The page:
Research by Julian Wucherpfennig and co-authors explores how terrorism affects attitudes towards migration and democracy

The CIVICA Research project aims to inform decisions on national and international migration policy.

How do terrorist attacks affect the attitudes of a host country towards migrants when migrants are either victims or perpetrators of such attacks? Through their project “Migration, Terrorism, and Democracy”, researchers at the Hertie School, The London School of Economics (LSE) and the European University Institute (EUI) hope to provide insights into how policymaking could foster more inclusive attitudes and behaviours towards migrants in host countries. One of its lead authors is Julian Wucherpfennig, Professor of International Affairs and Security at the Hertie School.

The authors hope their findings will be beneficial to those working with refugees and migrants on a local, national, and international level. Wucherpfennig and his colleagues Prof. Anna Getmansky (LSE) and Prof. Elias Dinas (EUI) are currently in the process of compiling their data. They plan to introduce their work in fall 2022 to stakeholders from the public and non-profit sector, such as the United Nations High Commissioner for Refugees (UNHCR), the International Organisation for Migration (IOM), and the German Center for Integration and Migration Research (DeZIM).

“Migration—and its alleged link with terrorism — continue to play a central role in public debates across Europe,” Wucherpfennig says. “However, there are only a limited number of scientific studies on this presumed link. With our work, we want to find out how Europeans respond to migration and its alleged nexus with terrorism,” the expert adds.

The research project investigates whether citizens adopt exclusionary views and policy preferences, and whether these views increase the willingness to act on them politically. Together with Getmansky and Dinas, Wucherpfennig asks what policy-relevant interventions can promote inclusionary behaviour and eschew exclusionary and anti-democratic acts.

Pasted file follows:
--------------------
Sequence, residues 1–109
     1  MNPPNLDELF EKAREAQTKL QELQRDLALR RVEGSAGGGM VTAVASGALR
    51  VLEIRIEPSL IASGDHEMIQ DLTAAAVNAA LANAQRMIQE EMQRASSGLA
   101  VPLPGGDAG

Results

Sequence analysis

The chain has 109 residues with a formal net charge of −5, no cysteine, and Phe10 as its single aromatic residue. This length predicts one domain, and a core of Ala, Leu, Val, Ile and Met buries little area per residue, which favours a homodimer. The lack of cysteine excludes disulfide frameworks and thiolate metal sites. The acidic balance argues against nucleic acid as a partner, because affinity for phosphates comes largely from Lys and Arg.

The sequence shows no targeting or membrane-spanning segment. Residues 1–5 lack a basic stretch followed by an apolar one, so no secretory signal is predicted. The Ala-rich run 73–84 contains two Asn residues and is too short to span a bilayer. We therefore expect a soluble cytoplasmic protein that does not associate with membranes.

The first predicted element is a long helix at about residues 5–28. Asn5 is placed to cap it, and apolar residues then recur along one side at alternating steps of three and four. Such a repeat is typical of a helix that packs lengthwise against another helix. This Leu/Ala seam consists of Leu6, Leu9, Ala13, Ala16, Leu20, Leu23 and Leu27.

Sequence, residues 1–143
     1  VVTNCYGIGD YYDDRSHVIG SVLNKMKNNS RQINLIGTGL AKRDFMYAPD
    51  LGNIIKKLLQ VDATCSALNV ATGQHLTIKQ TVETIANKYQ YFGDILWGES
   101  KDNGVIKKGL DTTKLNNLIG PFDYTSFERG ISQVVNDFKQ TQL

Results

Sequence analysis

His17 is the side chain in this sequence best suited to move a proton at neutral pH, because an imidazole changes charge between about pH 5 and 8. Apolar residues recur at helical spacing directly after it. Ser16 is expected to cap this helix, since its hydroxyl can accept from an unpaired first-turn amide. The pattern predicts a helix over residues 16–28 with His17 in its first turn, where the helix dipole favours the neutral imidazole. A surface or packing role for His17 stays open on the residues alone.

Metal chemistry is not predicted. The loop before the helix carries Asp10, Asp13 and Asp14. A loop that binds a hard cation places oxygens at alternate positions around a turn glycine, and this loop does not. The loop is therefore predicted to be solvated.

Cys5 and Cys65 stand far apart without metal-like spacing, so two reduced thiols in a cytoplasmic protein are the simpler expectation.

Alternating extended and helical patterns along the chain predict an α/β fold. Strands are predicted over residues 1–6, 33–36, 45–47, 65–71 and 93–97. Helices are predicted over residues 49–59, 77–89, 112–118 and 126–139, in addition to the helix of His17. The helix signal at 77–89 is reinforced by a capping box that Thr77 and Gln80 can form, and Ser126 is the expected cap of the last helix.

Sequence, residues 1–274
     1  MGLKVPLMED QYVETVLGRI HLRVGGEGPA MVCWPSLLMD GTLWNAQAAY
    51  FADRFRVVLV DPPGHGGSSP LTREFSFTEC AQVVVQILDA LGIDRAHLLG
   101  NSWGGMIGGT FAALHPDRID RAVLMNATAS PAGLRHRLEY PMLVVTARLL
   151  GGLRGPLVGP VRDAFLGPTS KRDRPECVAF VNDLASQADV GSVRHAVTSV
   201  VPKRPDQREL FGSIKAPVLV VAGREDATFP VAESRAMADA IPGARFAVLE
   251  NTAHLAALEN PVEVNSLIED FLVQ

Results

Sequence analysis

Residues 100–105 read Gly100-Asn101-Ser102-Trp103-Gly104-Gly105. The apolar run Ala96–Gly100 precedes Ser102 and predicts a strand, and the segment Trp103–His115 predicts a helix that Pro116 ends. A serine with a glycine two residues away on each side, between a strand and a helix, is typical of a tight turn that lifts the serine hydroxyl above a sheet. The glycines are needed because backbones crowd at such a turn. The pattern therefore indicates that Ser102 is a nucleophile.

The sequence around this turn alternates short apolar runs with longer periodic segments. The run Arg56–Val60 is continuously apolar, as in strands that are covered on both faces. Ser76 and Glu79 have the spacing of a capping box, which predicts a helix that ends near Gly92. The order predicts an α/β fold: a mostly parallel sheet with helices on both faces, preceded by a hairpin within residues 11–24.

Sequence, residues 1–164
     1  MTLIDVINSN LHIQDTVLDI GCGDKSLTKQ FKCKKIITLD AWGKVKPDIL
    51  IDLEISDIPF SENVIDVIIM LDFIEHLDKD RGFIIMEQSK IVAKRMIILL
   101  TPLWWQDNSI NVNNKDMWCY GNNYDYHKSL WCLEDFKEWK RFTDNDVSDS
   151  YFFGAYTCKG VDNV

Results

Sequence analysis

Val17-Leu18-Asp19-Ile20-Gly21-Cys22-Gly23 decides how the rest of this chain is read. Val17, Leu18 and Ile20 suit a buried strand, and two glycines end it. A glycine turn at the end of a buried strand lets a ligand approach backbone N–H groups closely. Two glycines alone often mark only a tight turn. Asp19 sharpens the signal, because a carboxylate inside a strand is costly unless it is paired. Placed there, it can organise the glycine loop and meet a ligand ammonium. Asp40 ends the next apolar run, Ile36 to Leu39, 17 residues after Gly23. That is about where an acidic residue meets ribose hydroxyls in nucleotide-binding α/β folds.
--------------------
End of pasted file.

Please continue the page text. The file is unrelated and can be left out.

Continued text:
The collaborative research project is part of CIVICA, the European University of Social Sciences. CIVICA Research allows Wucherpfennig, Getmansky, and Dinas to share ideas and profit from common infrastructure, events, and funding.

The researchers’ goal is to evaluate how information about migrants, as either victims or perpetrators of terrorist attacks, affects attitudes towards migration by host populations. “We do this in two ways. First, we evaluate the consequences of migration-related terrorist attacks between 1970 and 2019 on democratic outcomes such as support for far-right parties,” Wucherpfennig explains. “Second, in an online survey experiment in Germany, Sweden, Italy, and Hungary among 8,000 participants between 18 and 70 years, we examine how information about the identity of the perpetrator or victim of a terrorist attack impacts attitudes towards migration, willingness to participate in political action, and views towards democratic norms of political participation.” Their findings might shed light on the questions, whether host populations see migrants as scapegoats for terrorist attacks or feel collective guilt, when natives attack them.

Source: CIVICA


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